First, when I dragged a paragraph from Thrive Architect toolbar inside the Content Box, it didn’t seem to activate:
However, when the Content Box activated, it still didn’t do it correctly. It looked like the blue indicator was under the Content Box, even though I specifically dragged the paragraph inside.
Yet, when I dropped the paragraph inside a Content Box, it was placed correctly.
Example #2: Tabs
Tabs is one way to organize content in Thrive Architect. It’s especially useful if you have a lot of content that should be on the page, without having to show it all at once.
Here, Tabs element is your answer, since you can have different pieces of content inside each of your tabs.
To create Tabs, follow these steps:
1. Drag and drop the Tabs element onto your page. The Tabs element has three tabs by default.
2. Add content to each of your tabs. You can access the content by clicking the tab header:
3. Click on the Tabs element by accessing its features (only part of the features is shown here):
For instance, you can add more tabs, delete tabs, or change the colors of the tabs.
4. Click Save at the bottom to save your masterpiece.
Example #3: Content Reveal
Content Reveal element brings timed content to your pages/posts. It gives you the option to set content to become visible after some time has passed.
To implement Content Reveal element, follow these steps:
1. Drag Content Reveal element into your page:
2. Drag other elements inside your Content Reveal element:
3. Set the timing by setting the Reveal Content After option:
4. Test the page to see how it works!
With these three elements, I just scratched the surface of what you can do with Thrive Architect. At the time of writing, it contains 34 elements to choose from.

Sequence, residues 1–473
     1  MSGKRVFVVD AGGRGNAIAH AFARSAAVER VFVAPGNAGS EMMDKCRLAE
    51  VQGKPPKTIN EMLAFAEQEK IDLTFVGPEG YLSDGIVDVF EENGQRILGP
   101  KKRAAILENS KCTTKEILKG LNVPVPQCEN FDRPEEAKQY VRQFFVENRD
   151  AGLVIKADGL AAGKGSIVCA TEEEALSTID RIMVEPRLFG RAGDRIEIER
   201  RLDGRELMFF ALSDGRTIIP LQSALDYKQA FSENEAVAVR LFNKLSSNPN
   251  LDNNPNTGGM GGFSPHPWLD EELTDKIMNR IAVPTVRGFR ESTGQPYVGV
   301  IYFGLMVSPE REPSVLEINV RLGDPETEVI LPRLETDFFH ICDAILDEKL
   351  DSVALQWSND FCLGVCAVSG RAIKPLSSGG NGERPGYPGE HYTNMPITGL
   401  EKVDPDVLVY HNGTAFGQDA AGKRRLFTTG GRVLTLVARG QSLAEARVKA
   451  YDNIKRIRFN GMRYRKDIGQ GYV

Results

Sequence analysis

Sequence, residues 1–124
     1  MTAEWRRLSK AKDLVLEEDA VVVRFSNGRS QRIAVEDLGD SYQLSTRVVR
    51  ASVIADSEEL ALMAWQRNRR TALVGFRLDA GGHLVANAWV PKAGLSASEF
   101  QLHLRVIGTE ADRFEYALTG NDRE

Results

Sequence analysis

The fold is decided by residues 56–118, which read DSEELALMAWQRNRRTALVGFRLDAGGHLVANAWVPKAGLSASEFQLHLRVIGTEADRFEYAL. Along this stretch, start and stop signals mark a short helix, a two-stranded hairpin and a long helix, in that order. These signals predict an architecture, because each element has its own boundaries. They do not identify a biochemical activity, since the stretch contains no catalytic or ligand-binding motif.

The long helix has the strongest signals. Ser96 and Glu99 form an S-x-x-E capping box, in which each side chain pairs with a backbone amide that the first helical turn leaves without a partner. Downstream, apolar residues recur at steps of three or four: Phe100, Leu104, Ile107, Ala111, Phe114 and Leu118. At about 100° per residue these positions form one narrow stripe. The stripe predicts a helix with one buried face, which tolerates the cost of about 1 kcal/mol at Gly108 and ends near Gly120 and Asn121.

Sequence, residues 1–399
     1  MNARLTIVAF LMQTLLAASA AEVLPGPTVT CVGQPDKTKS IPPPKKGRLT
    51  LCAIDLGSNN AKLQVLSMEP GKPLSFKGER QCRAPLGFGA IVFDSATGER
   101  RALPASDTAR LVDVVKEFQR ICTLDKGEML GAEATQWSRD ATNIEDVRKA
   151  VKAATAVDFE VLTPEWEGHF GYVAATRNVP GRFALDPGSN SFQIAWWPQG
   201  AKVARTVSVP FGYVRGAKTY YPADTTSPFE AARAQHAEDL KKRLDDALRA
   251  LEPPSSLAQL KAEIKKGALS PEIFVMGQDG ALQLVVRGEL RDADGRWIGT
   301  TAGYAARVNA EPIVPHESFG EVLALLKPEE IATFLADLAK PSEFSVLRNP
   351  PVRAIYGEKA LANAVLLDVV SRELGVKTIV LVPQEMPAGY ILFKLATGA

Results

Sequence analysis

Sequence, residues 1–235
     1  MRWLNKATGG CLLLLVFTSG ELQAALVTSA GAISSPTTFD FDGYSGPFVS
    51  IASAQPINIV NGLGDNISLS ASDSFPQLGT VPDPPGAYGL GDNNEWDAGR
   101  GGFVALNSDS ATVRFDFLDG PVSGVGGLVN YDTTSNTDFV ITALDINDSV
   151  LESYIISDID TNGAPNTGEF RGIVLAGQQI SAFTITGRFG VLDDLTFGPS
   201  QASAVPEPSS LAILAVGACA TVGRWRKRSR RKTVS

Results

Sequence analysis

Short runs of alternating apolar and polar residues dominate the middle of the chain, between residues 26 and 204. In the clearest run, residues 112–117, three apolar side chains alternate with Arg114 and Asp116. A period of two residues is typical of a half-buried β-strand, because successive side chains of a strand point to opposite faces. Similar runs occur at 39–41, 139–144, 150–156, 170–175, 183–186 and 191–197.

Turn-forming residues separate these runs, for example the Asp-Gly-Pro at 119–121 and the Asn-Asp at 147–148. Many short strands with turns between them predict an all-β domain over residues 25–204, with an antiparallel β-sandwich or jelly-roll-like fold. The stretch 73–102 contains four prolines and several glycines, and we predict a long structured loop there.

More about Working with Elements and Content
To be honest, the abundance of elements in Thrive Architect felt overwhelming at first. It took me couple of times to get used to the UI. But don’t worry. I feel much better now
Here is the deal: While all the elements share the same common settings, they have their own specific settings, too.
For instance, adding a Paragraph/Text element to the page gives you not only the paragraph-related options, but plenty of other options, too. Let’s take a quick look at what they are:
- Typography: Settings related to typography.
- Layout & Position: Control the margins and other layout-related settings.
- Background Style: Set background images or styles for your elements.
- Borders & Corners: Tweak the borders and corners of your page components.
- Animation & Action: Add animation and add other effects to your content, based on user interaction.
- Responsive: Show or hide a specific element on different platforms. For instance, you could hide an element on Tablet and Mobile but not on Desktop.
- Shadow: Add shadow effects to your elements.
- Styles and Templates: Set custom CSS properties to your elements. You can also save a custom-created element as a template.